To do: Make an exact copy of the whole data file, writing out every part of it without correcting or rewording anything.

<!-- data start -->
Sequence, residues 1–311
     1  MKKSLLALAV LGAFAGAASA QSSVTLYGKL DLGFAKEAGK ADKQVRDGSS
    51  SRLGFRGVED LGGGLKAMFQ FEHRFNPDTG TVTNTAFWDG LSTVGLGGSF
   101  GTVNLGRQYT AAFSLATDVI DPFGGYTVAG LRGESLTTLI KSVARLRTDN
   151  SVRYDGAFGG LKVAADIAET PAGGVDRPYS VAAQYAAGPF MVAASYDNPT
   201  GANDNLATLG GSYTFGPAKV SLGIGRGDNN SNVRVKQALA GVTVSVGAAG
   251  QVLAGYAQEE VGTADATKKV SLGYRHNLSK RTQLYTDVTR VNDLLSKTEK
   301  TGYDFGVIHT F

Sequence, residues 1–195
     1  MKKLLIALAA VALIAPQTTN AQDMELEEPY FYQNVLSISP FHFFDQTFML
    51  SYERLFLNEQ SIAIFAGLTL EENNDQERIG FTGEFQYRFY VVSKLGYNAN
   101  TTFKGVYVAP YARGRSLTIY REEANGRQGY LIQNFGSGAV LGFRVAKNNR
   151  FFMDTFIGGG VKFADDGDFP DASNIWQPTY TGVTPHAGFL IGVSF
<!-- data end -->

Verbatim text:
Sequence, residues 1–311
     1  MKKSLLALAV LGAFAGAASA QSSVTLYGKL DLGFAKEAGK ADKQVRDGSS
    51  SRLGFRGVED LGGGLKAMFQ FEHRFNPDTG TVTNTAFWDG LSTVGLGGSF
   101  GTVNLGRQYT AAFSLATDVI DPFGGYTVAG LRGESLTTLI KSVARLRTDN
   151  SVRYDGAFGG LKVAADIAET PAGGVDRPYS VAAQYAAGPF MVAASYDNPT
   201  GANDNLATLG GSYTFGPAKV SLGIGRGDNN SNVRVKQALA GVTVSVGAAG
   251  QVLAGYAQEE VGTADATKKV SLGYRHNLSK RTQLYTDVTR VNDLLSKTEK
   301  TGYDFGVIHT F

Sequence, residues 1–195
     1  MKKLLIALAA VALIAPQTTN AQDMELEEPY FYQNVLSISP FHFFDQTFML
    51  SYERLFLNEQ SIAIFAGLTL EENNDQERIG FTGEFQYRFY VVSKLGYNAN
   101  TTFKGVYVAP YARGRSLTIY REEANGRQGY LIQNFGSGAV LGFRVAKNNR
   151  FFMDTFIGGG VKFADDGDFP DASNIWQPTY TGVTPHAGFL IGVSF